Angry man-hating feminists do not represent feminism as a whole.

      They are an ASPECT, not the entire picture.

  • Chelsea

    I doubt that things will change for women in Korea; at least for now because there are also many women in Korea who doesn’t want that something change. But I do think that K-pop groups can do something for women in Korea – for the one who want a change. But as long as they are not allowed to speak for themselves I don’t think that something can change; even nowadays there are still the CEO’s who are deciding everything (their songs, style, even the answers for interviews). I’m sure there are also actually CEO’s who speak with their groups and decide with them together but they are the minority.

  • arinsen

    I hate that most girl groups are submissive and they only sing about how much they love oppa. I’m a BLACKJACK mostly because 2ne1 represent strong, independent women. Also, Lee Hyori with her new album totally blew me away!

    But the rest, the usual sexy/cute concept. It’s been around since 2010 and is still not showing signs of dying out. It’s getting boring for me…

  • arinsen

    I hate that most girl groups are submissive and they only sing about how much they love oppa. I’m a BLACKJACK mostly because 2ne1 represent strong, independent women. Also, Lee Hyori with her new album totally blew me away!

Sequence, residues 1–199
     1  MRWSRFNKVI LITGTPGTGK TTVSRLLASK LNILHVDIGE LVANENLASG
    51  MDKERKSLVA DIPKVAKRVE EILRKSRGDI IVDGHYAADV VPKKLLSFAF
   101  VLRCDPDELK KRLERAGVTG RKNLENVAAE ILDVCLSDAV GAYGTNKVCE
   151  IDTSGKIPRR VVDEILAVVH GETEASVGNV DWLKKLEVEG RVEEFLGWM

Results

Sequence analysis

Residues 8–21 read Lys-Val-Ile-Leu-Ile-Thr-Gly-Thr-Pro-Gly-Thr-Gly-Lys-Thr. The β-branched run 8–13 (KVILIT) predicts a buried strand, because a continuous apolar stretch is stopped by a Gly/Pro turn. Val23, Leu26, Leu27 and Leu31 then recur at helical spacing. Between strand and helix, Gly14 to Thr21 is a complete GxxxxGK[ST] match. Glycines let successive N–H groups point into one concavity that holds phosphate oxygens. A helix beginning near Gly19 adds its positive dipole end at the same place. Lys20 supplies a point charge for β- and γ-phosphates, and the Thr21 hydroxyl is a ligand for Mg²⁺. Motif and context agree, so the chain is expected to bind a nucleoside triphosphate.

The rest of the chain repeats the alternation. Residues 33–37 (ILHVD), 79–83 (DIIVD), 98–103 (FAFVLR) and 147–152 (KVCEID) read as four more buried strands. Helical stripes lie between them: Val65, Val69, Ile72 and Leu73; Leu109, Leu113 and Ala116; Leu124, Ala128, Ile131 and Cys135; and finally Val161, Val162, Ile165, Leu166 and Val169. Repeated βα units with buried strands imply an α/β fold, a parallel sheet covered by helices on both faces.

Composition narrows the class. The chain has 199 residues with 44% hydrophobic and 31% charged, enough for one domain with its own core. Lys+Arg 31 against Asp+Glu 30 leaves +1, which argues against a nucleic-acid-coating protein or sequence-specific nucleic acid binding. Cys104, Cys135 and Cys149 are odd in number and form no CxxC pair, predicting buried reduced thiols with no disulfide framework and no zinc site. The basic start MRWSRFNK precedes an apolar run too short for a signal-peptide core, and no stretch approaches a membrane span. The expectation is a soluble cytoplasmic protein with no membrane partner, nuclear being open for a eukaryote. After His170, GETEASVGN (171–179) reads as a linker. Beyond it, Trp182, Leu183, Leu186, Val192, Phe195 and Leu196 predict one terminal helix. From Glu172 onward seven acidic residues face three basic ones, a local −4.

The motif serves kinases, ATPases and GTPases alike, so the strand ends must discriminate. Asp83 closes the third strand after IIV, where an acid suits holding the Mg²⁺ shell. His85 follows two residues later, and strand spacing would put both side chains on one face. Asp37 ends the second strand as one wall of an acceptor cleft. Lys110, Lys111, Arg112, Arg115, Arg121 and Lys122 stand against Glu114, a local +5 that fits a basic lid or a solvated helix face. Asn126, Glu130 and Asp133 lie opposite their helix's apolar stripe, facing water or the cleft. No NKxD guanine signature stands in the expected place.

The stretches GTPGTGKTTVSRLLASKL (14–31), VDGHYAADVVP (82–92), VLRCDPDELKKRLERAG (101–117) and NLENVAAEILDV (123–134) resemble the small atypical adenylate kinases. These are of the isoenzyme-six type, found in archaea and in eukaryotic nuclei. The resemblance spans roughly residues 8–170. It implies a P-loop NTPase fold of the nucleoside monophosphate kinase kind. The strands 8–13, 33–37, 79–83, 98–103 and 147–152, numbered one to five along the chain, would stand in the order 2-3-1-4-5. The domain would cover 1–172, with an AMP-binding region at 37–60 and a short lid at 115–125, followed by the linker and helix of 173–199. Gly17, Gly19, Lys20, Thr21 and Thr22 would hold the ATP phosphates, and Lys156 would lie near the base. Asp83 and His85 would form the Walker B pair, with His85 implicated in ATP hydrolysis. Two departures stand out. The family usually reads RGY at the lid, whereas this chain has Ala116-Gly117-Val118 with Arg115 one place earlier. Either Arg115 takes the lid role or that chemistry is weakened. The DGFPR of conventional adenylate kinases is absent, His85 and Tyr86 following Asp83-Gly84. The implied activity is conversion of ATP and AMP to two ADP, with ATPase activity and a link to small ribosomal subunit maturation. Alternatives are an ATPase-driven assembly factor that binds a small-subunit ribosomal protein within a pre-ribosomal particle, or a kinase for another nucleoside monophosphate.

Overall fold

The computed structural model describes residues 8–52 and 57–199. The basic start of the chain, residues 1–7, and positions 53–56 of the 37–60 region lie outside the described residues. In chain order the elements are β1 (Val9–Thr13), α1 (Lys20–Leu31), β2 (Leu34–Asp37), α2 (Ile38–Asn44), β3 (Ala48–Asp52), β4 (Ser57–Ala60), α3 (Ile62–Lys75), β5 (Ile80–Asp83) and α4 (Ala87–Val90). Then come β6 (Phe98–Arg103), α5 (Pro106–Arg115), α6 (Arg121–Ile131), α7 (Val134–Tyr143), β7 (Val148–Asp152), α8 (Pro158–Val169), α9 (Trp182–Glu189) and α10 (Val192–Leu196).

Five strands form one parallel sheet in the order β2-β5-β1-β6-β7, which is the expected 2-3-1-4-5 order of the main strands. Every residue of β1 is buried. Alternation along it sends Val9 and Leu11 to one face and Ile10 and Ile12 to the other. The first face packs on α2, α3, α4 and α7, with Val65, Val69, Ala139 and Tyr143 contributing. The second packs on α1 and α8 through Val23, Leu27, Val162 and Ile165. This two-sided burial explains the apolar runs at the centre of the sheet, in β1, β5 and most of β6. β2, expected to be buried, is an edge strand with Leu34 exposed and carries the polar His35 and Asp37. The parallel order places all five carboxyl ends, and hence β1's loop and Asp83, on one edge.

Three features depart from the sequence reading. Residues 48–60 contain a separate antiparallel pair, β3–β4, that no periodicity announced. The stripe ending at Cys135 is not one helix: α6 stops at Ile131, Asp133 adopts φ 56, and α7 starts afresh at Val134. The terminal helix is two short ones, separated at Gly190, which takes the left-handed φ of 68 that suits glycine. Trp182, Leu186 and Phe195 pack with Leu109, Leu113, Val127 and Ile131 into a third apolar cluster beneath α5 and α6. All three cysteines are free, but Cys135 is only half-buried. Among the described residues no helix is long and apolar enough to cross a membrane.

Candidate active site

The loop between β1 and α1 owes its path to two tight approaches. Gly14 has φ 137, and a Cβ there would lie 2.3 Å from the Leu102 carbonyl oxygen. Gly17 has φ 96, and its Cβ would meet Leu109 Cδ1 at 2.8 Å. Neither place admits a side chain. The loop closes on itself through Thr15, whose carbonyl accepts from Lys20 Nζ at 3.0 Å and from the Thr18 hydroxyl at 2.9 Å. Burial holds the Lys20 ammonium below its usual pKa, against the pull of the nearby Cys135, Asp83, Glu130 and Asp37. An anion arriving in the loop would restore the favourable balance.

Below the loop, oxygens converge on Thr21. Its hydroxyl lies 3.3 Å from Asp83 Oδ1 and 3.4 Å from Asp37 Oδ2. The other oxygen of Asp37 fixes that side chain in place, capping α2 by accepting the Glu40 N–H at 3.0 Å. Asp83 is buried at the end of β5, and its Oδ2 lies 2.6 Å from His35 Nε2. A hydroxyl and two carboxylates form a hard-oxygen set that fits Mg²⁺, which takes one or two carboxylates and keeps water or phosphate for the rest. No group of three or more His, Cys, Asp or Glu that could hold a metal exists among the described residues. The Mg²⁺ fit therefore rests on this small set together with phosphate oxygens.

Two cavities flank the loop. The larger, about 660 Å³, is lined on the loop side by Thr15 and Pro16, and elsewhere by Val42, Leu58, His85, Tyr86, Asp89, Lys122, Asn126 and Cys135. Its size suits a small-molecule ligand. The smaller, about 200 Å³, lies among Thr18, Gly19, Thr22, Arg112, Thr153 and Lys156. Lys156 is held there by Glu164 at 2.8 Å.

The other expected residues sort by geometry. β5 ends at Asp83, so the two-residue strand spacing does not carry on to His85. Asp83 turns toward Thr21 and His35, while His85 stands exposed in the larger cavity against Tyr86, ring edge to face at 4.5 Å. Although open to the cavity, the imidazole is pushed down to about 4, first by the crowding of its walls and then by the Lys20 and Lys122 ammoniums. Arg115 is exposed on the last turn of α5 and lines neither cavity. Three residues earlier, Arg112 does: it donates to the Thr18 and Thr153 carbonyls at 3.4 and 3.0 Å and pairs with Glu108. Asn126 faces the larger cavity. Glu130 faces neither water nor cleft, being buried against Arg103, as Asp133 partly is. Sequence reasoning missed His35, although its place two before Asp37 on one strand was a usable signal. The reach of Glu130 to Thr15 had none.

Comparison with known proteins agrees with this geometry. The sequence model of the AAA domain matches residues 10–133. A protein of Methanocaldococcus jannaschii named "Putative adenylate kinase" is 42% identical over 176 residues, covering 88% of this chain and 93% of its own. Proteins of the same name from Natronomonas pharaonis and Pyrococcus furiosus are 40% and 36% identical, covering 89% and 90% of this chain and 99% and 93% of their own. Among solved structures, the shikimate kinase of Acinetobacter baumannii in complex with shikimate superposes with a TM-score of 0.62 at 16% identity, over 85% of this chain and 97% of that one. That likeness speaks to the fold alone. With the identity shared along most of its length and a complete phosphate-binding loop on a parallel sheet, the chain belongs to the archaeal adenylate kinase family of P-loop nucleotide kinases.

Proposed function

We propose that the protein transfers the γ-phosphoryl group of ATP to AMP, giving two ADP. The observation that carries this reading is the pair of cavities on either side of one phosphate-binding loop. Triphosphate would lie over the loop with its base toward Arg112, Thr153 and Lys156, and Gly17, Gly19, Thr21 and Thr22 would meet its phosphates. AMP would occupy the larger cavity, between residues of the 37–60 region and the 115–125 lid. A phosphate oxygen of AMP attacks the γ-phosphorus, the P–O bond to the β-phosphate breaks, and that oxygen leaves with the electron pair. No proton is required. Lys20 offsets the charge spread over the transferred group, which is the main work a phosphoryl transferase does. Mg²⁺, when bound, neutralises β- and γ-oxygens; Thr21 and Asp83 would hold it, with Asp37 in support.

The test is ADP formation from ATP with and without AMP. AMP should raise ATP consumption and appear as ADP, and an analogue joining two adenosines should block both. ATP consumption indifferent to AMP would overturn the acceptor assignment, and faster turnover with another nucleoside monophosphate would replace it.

But the rest, the usual sexy/cute concept. It’s been around since 2010 and is still not showing signs of dying out. It’s getting boring for me…

  • VPython

    f(x) are the best for representing all kind of images women can have.

  • Nate Broadus

    All of these are examples of Korean audiences becoming more comfortable with displays of sexuality, not that they are lessening the archaic gender profiling and biases. If anything, it just shifts the angle of objectification from innocence to sexual — it is the same fetishization, only from a different perspective.

    Of the examples in the article, Brown Eyed Girls is the only one that I would say takes steps in the right direction toward female empowerment — and that is mostly because their displays are not always sexual for the sake of being sexual. Often they will take on the subject of sexuality from a point of view of innocence, liberation, even self-deprecation (which is almost unheard of in female-driven Kpop — actually making fun of yourself? Everything is supposed to be so G*ddamn serious and reinforce the “perfection” tag. Really only Hyori and BEG have the stones to poke fun at their own image with such abandon).

    For almost any other female Kpop artist and group, they aren’t messages — they are concepts.

    Concepts to be pushed aside when the promotional cycle ends and the next concept comes up to the plate.

    Because they are concepts, they are not a step toward female empowerment, per se — they are a step toward successful marketability of sex.